A reflection by Peggy Gish,
On Monday, the day before Eid, shops in Suleimani, in Iraqi Kurdistan, were crowded with people buying last minute fruits and vegetables, sweets and other special foods. The next morning, streets were mostly empty as families gathered together for their Eid breakfast.
Muslims around the world celebrate the Eid al-Adha starting on the 10th day of the Hajj in Mecca, commemorating God’s intervening to stop Abraham from sacrificing his son. Also called, “the feast of sacrifice,” it’s a time when families sacrifice animals and share the meat with their neighbors and relatives, as well as the poor in their community. Throughout the four-day holiday, family and neighbors called on each other for visits.
On Tuesday, the first day, our CPT Iraqi Kurdistan team was invited to the home of relatives of one of our Kurdish team members for a special lunch. We played simple games with one of the young girls, watched pet birds, and communicated with our hosts as well as we could with our broken Kurdish and translated English. At one point, there was a knock on the gate and an Arab Iraqi family, who used to live next door, brought a gift of freshly butchered meat. The next three days, we visited families and friends, and were invited for a special supper with the family of one of our team partners. Walking on the streets of our neighborhood, I enjoyed the friendly Kurdish greetings of “Jezhnit peroz bet.”
As we shared in the celebration, I couldn’t help but think of those who have been protesting in central and southern Iraq, insisting that the government provide basic services, such as clean drinking water, electricity, and jobs for the unemployed. They are calling for the corrupt government systems to be overhauled. I heard that the drinking water for the four million people in the southern Iraqi city of Basra has reached dangerous levels of chemical and bacterial contamination, resulting in 4,000 reported cases of severe diarrhea and vomiting in a week.* Protesters say the government has done nothing to deal with the problems and have responded to them with brutal suppression.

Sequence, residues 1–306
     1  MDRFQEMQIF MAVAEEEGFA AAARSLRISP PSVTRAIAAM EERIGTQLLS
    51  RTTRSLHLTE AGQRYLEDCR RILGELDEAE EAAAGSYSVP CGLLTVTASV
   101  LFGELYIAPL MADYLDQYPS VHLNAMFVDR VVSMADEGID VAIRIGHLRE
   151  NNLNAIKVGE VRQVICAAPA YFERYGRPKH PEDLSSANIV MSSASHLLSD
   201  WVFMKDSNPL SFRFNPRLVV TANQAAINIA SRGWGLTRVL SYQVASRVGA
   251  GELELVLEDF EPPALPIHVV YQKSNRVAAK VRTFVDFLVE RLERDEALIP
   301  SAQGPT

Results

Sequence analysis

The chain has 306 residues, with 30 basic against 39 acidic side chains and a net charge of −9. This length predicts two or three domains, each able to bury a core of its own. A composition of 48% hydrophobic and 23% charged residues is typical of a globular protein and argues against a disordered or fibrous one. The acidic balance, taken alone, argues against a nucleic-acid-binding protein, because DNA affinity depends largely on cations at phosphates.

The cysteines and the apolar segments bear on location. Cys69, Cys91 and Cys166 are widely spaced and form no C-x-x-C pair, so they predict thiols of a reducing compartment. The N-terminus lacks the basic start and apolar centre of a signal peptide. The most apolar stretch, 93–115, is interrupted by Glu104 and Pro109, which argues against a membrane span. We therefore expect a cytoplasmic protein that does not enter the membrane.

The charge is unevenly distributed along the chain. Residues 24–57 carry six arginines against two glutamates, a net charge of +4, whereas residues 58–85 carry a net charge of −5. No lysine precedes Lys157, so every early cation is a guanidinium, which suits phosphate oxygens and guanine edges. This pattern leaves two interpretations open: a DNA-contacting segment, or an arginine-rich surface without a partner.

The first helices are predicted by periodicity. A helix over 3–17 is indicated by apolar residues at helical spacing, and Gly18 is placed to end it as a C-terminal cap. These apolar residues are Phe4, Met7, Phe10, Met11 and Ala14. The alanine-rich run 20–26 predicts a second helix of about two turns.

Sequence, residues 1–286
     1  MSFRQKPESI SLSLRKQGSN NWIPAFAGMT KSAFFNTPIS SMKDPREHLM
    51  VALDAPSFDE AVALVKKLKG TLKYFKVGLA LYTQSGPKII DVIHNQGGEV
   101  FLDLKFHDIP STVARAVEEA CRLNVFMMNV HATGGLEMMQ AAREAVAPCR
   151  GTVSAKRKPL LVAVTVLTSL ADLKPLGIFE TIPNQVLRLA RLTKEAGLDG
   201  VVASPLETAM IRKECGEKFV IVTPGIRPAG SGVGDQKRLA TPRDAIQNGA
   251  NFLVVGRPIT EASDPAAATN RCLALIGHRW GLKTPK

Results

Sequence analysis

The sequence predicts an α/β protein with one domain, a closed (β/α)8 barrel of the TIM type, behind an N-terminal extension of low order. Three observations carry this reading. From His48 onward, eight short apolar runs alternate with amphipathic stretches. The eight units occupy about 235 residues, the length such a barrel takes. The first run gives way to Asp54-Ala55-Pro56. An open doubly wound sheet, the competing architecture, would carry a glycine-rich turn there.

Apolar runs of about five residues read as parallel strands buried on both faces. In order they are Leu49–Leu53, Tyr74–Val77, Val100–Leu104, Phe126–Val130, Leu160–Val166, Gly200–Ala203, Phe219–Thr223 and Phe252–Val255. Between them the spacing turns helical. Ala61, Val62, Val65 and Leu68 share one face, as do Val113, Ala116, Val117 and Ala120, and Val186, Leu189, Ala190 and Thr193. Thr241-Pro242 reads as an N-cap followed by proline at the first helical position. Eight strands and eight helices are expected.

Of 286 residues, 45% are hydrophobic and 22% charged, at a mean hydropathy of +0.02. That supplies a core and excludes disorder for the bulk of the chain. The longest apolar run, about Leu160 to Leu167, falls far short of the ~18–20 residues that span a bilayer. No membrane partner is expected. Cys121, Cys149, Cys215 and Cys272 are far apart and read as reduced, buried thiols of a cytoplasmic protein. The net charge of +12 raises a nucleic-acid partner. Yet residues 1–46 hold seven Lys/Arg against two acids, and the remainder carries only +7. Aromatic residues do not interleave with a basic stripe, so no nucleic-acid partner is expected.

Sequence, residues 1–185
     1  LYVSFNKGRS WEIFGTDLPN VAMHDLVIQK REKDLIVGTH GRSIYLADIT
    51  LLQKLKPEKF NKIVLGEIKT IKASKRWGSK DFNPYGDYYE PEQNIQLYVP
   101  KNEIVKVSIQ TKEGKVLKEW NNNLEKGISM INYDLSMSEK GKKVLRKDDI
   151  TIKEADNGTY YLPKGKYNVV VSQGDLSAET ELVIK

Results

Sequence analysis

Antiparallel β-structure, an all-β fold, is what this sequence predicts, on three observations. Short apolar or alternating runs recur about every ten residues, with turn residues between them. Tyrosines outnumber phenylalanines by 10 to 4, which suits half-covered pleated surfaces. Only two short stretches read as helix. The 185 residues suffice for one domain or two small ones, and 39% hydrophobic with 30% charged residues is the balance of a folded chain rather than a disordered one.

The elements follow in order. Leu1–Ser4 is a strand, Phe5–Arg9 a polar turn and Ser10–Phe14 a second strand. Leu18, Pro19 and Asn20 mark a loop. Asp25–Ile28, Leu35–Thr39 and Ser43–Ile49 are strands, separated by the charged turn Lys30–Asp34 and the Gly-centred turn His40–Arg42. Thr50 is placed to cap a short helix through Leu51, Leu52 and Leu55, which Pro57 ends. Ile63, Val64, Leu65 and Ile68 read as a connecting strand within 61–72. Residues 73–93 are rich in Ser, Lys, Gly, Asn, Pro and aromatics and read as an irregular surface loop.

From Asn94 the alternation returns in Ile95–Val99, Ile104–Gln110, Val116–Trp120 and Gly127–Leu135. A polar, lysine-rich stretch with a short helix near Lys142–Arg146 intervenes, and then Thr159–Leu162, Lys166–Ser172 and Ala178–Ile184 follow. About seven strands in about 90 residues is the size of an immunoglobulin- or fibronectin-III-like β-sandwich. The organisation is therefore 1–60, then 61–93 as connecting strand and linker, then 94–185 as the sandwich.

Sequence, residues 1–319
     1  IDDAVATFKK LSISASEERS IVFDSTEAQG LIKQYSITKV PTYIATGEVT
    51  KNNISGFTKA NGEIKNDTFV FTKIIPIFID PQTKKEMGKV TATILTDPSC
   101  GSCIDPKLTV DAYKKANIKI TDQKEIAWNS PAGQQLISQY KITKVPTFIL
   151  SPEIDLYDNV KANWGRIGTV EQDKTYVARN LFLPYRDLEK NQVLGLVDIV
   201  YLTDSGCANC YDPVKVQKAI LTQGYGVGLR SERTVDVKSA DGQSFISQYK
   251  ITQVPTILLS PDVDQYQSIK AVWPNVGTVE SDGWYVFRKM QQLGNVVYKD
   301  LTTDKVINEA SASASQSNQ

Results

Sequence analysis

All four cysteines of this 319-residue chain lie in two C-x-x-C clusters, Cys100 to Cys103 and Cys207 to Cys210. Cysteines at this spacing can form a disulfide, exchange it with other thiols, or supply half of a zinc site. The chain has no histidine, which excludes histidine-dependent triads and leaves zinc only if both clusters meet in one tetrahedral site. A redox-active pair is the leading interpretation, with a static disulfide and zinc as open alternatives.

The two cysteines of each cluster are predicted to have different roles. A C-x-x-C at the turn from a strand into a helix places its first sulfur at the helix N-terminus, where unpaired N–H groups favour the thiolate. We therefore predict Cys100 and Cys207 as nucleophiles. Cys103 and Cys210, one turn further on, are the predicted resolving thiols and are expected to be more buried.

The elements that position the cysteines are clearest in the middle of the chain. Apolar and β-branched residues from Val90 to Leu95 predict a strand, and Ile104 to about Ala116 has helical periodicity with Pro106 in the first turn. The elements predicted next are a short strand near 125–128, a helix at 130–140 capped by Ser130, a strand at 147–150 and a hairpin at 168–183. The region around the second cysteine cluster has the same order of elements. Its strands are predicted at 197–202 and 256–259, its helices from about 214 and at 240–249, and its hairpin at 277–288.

In the Kurdish region, teachers and other government employees had been protesting for three years because of lack of pay. In December 2017, demonstrations increased and repressions by the government became more intense, with random arrests and one teacher killed in the city of Koya. Then there was a small breakthrough and the government agreed to give them 75% of their salaries.
Change in the many countries around the world, where corruption and injustice persist, usually doesn’t come quickly. Often small gains are sandwiched between times when nothing seems to happen or the movements seem to lose ground. Those working and sacrificing for justice get discouraged, though their longing and determination don’t die. It may be years until new circumstances and openness allow it to break through. In many cases, however, such as in Basra, the stakes are high—a matter of life and death and the possible collapse of a city and region.
Eid celebrations don’t resolve or erase the national strife, the government corruption, the beleaguered economy, the water crises, and the personal struggles of the poor. But it’s a time when people seek strength and meaning through one’s faith, and to be generous and enjoy the love of family and friends. Such celebrations outwardly express and make visible the loving and generous hearts of the people in this region and are evidence of their deeper strength—such strength that is needed for the hard work ahead.